Of course i have a stack of templates, although i never use them. those rectangular credit card sized things with the circle in the middle are, believe it or not, "lettering guides". back in the day they would use these so the words in the word balloons were all straight. I used them for the first few issues before i just said the hell with it and used graph paper and a light table.

aside from these i have a triangle and straight edges from a foot long to four feet long. when you rely on the precision of vanishing points as much as i do sometimes you get carried away and even the four footer isn't enough. when i do "birds eye view" shots i get in that kind of trouble. A good birds eye view that isn't TOO jarring means the vanishing point is three or four feet below the paper. A couple times i completely screwed myself and the vanishing point and the panel needed to be so far away from each other that the table wasn't big enough. It's nights like that when you have moved furniture around and are on your hands and knees pushing a thumb tack into a hardwood floor to draw a holocaust gag that you realize why you're divorced.

I also have every type of compass i know of. i don't have the opportunity to use them much, which is good because i hate them all, and they hate me.

a few years ago i finally figured out that if i used an air brush for my banners i could save allot of time and paint. On top you see a standard "badger" airbrush, these are top of the line and i got this one at a close out sale for 150.00. below that is a "sears" airbrush that probably dates back to the 70's. A friend of mine gave it to me when he was cleaning out his basement. It's mostly tin and pot metal, was meant for 10 year olds to paint their model airplanes and probably retailed for 5.99. guess which one works better ...yep. I'm considering keeping the Sears 5.99 special in the fancy case and letting the Badger roll around in the drawer, just to teach it a lesson. "fancy cases are for winners mr. badger, not sissies who clog up at the first spec of dirt!" is what i would tell it if i talked to my tools ...which i don't...(cough).

Since my banners are usually 6x10 or larger i also needed something that gave me more coverage. Harbor freight tools specializes in chinese made chunks of shit that usually work for about 6 months. It's the dollar store of tools, but since I ain't exactly a surgeon with an airbrush anyway i figured this contraption would be good enough. It's a knock off of a model better companies invented.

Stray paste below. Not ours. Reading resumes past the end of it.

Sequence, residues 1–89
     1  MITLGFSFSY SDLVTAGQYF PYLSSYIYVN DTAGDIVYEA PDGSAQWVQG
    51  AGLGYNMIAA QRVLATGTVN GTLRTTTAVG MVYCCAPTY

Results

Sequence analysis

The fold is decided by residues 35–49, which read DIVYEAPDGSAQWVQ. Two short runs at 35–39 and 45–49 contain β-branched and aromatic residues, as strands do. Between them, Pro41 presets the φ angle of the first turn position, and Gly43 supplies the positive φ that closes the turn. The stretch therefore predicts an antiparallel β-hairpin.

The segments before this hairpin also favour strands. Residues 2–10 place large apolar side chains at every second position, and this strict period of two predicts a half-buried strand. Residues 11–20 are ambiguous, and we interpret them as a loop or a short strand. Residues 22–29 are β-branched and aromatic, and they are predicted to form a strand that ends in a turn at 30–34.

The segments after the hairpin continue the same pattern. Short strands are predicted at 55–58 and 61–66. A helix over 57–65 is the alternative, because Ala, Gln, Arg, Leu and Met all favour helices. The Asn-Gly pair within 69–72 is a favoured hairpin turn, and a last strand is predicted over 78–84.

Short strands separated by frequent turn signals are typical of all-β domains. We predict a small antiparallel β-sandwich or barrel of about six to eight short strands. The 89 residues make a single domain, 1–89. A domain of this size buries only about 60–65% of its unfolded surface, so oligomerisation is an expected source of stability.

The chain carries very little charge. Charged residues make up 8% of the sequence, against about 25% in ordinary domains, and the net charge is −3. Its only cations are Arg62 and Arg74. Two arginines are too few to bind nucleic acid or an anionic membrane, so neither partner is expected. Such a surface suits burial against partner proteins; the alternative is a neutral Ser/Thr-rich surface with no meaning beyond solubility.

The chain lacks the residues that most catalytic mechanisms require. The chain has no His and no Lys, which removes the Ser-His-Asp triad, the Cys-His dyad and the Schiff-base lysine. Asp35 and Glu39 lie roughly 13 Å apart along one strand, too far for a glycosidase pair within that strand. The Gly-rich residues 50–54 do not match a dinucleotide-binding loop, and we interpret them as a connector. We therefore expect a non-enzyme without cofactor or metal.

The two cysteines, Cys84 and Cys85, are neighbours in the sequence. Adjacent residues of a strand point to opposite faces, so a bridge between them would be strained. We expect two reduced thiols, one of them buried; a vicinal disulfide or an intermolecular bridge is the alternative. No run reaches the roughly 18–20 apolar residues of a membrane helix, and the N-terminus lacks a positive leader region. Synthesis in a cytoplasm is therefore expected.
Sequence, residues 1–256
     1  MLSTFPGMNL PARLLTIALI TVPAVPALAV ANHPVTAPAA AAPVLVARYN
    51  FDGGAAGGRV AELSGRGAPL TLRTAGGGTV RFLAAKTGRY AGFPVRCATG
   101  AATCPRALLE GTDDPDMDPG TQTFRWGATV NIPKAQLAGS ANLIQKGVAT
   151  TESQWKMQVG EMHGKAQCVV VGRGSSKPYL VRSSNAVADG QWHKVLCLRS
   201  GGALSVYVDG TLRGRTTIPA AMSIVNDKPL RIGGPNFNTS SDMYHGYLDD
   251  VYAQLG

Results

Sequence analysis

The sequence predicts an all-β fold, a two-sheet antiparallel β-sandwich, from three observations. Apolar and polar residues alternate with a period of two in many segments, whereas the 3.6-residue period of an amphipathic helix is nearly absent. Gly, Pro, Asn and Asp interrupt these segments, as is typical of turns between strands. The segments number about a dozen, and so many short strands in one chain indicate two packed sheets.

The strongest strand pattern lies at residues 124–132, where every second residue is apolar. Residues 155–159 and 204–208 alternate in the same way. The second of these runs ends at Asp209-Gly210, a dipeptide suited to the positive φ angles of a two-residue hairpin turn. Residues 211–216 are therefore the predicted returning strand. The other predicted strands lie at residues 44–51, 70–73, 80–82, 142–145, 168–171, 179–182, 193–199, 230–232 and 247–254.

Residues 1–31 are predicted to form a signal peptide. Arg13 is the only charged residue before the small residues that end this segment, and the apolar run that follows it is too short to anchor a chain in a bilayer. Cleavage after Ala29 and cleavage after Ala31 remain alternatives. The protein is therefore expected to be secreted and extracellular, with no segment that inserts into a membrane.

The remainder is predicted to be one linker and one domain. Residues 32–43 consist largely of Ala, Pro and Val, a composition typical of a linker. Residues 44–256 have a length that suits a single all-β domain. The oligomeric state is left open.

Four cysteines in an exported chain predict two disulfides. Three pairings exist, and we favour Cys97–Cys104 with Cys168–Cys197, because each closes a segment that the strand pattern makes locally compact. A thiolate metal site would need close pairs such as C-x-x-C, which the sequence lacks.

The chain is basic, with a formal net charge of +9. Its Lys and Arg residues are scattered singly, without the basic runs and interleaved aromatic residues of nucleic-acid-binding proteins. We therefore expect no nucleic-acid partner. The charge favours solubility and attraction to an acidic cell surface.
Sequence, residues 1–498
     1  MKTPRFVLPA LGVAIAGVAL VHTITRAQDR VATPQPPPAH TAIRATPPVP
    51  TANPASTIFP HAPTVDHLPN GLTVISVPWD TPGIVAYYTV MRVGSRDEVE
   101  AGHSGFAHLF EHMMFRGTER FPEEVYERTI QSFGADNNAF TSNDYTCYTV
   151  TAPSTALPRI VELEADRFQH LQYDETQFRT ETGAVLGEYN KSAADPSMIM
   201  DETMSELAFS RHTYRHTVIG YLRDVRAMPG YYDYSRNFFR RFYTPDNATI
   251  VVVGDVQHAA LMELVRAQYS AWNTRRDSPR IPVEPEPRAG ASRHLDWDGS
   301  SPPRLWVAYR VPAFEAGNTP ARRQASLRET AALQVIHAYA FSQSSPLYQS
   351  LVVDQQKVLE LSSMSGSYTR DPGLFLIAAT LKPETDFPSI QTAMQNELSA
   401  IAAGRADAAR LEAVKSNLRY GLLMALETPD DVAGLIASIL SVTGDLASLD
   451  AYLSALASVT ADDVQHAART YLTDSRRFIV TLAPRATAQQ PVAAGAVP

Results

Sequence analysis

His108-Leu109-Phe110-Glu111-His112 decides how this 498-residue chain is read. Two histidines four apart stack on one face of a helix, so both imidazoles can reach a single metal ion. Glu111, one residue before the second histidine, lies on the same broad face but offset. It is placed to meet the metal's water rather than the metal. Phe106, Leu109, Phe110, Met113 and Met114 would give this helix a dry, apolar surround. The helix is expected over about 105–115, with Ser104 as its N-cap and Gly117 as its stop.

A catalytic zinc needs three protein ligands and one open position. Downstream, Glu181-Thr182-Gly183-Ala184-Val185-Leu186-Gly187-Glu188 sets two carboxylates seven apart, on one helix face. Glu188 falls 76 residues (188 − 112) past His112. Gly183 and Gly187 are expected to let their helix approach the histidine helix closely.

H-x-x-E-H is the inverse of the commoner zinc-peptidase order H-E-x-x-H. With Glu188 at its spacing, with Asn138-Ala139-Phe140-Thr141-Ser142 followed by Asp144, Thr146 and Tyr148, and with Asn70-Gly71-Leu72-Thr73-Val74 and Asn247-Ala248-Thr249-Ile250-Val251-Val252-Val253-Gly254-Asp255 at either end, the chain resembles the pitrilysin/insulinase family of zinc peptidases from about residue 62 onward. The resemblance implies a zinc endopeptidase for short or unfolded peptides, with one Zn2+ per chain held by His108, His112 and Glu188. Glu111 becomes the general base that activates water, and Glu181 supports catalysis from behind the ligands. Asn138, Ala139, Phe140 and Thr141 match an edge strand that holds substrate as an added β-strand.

I bought two of them, they were only 12.99 and i figured one would break instantly anyhow. that was four years ago. this mule hasn't skipped a beat. It's easy to take apart and clean, never clogs up, and adjusts from a 6 inch spray to a 1/2 inch spray.

the best part about it is you can adjust the angle of the canister so you can spray straight down onto a table, standing up onto a wall, or straight up onto the ceiling or anything in between. It's an ingenious design, and i use it all the time... i just wish the thing would break so that i had an excuse to go by the American made version.

THIS is a standard issue glue gun. And i have my friend Herndon to thank for introducing me to it. You plug it in and stick a glue stick in the back and you're off to the can squeeze a 1/4 line of hot glue on anything. i can't believe i didn't buy one until last year...ah the things i could have ruined if i had only got it sooner.

When i do paint something i use "one shot". that's the name of the company and the brand. It's oil based and as the name implies it covers with one coat, no primer needed, no painstakingly redoing a line because whatever is beneath it is showing through. At least it USED to be that way. seems like every time i buy a can it's thinner and thinner. They have no doubt changed the formula over the years, it used to be lead based and only available in pro shops. Now any hobby store has it and it's not nearly as good. It's still good enough to instantly ruin whatever it touches if you're not careful ...which i'm not. But that is the other benefit of this paint, it sticks to anything- glass, cloth, metal, canvas, wood, doesn't care, your brush it on and it stays. and it stays nice an flexible so i can paint a banner, roll it right up and ship it to the next show no problem.

I think that pretty much covers it...sems like there was something else in my tool cart that was important...oh yeah i remember..

I got this from my first partner before i started Arsenic Lullaby, it's got about 1000 miles on it and has seen more cheap liquor that Gary Busey. He also bought me my first set of brushes, seems like a million years ago now. I don't know if the Doug back then would be proud of what i've accomplished since then or not, but i'm pretty sure he'd like all the cool stuff i got.